IT Week – James Murray interviews Hyperion CTO John Kopcke


James Murray – IT Week – interview with Hyperion’s John Kopcke

The trackback facility for stories on VNU’s website has set me thinking that this is another avenue yet to be fully explored (exploited?) by those of us working in the Web PR 2.0 world. In the past, once a story appeared, you had no further means of continuing the conversation around it – or at least not in a way that was open to public scrutiny. For example, what if someone felt they were misquoted? Rather than write an angry letter to the Editor asking for a correction, you can put your case in the open and let people make their own minds up.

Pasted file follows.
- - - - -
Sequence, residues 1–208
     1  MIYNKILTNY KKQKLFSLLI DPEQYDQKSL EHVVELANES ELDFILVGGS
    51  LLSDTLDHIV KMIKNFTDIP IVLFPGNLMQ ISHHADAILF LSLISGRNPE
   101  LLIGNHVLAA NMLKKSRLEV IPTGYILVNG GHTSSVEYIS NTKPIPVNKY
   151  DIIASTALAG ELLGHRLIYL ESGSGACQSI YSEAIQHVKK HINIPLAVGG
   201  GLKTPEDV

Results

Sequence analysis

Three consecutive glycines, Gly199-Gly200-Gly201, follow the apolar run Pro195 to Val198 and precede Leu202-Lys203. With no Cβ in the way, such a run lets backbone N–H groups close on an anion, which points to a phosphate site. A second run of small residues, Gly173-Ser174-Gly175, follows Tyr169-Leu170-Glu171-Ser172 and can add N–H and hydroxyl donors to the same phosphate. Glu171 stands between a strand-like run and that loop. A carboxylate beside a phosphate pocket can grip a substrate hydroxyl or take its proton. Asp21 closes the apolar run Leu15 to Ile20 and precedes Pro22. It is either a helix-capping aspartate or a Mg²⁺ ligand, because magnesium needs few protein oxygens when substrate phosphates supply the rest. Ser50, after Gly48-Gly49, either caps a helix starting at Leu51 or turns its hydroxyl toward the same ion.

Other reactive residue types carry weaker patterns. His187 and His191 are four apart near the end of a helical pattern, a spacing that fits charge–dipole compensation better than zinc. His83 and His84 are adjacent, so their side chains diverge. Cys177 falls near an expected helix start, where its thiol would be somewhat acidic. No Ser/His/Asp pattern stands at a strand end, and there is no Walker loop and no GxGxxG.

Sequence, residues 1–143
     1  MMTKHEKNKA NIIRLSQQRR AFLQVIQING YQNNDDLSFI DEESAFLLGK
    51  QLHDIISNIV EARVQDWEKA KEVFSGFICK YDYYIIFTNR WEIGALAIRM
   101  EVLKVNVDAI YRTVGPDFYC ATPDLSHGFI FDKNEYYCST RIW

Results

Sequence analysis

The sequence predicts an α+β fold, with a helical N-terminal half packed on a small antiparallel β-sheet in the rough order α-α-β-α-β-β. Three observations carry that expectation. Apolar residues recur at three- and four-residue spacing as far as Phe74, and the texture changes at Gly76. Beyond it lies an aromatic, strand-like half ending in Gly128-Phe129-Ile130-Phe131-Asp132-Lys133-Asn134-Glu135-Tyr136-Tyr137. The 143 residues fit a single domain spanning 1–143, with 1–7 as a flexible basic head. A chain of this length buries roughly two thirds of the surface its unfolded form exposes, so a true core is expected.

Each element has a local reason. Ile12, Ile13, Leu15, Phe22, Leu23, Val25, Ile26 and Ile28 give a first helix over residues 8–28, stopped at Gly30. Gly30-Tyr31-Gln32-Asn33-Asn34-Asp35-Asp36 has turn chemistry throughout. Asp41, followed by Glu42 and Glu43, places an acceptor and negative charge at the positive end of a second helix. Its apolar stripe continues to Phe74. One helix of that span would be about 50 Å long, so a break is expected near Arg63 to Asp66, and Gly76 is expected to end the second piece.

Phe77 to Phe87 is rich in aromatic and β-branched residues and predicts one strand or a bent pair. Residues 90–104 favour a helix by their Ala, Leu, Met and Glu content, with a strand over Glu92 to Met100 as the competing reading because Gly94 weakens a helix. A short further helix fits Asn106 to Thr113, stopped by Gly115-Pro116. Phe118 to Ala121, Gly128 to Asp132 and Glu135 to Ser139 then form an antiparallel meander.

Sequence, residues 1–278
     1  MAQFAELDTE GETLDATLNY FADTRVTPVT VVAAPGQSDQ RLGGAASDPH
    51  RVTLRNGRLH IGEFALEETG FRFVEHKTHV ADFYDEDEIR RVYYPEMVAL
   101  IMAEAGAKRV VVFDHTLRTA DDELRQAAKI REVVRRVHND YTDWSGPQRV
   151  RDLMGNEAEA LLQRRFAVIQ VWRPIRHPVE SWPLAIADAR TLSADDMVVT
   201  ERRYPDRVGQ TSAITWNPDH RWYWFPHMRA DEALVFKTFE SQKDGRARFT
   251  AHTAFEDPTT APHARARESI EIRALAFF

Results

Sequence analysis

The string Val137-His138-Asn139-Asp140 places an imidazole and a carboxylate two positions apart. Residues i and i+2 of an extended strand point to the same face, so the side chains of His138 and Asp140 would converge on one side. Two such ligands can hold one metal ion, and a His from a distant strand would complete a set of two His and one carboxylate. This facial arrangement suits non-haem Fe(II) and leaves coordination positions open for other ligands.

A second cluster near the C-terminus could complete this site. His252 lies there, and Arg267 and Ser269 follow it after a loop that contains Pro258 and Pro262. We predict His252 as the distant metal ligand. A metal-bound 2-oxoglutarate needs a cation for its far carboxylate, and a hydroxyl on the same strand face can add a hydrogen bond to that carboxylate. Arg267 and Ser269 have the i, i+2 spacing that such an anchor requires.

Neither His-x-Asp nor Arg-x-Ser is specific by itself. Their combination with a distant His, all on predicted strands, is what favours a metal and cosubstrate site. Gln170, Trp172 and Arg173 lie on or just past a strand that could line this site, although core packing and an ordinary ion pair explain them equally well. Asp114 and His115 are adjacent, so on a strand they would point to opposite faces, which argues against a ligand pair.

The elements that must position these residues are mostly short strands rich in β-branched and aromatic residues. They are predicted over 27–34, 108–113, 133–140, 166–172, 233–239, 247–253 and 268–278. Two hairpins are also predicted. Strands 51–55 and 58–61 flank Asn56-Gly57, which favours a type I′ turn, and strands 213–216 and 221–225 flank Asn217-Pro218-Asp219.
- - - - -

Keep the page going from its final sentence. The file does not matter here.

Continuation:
And before anybody asks, James has written an entirely faithful record of his conversation with John at the Gartner BI Summit of a few weeks ago. For those interested, more of John’s insights into the whole subject of business intelligence and business performance management can be found here:

Hyperion Executive Thought Leadership Perspectives

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Comments

  1. Now to my mind this is what’s actually new and exciting about blogging, which is otherwise just a lightweight CMS that decomposes the page into time-tagged chunks, and why I dislike blogs that don’t allow comments. It’s a collaborative publishing technique that’s less open to tugs of war than wikis.

    When I blog something new and the developer or marketing manager spots the post on (say) Technorati and pops by to comment, I’m impressed that they’re monitoring so widely. If I’ve missed something and they add details, that means the combined post is more useful and complete for anyone who reads it later.

    Like

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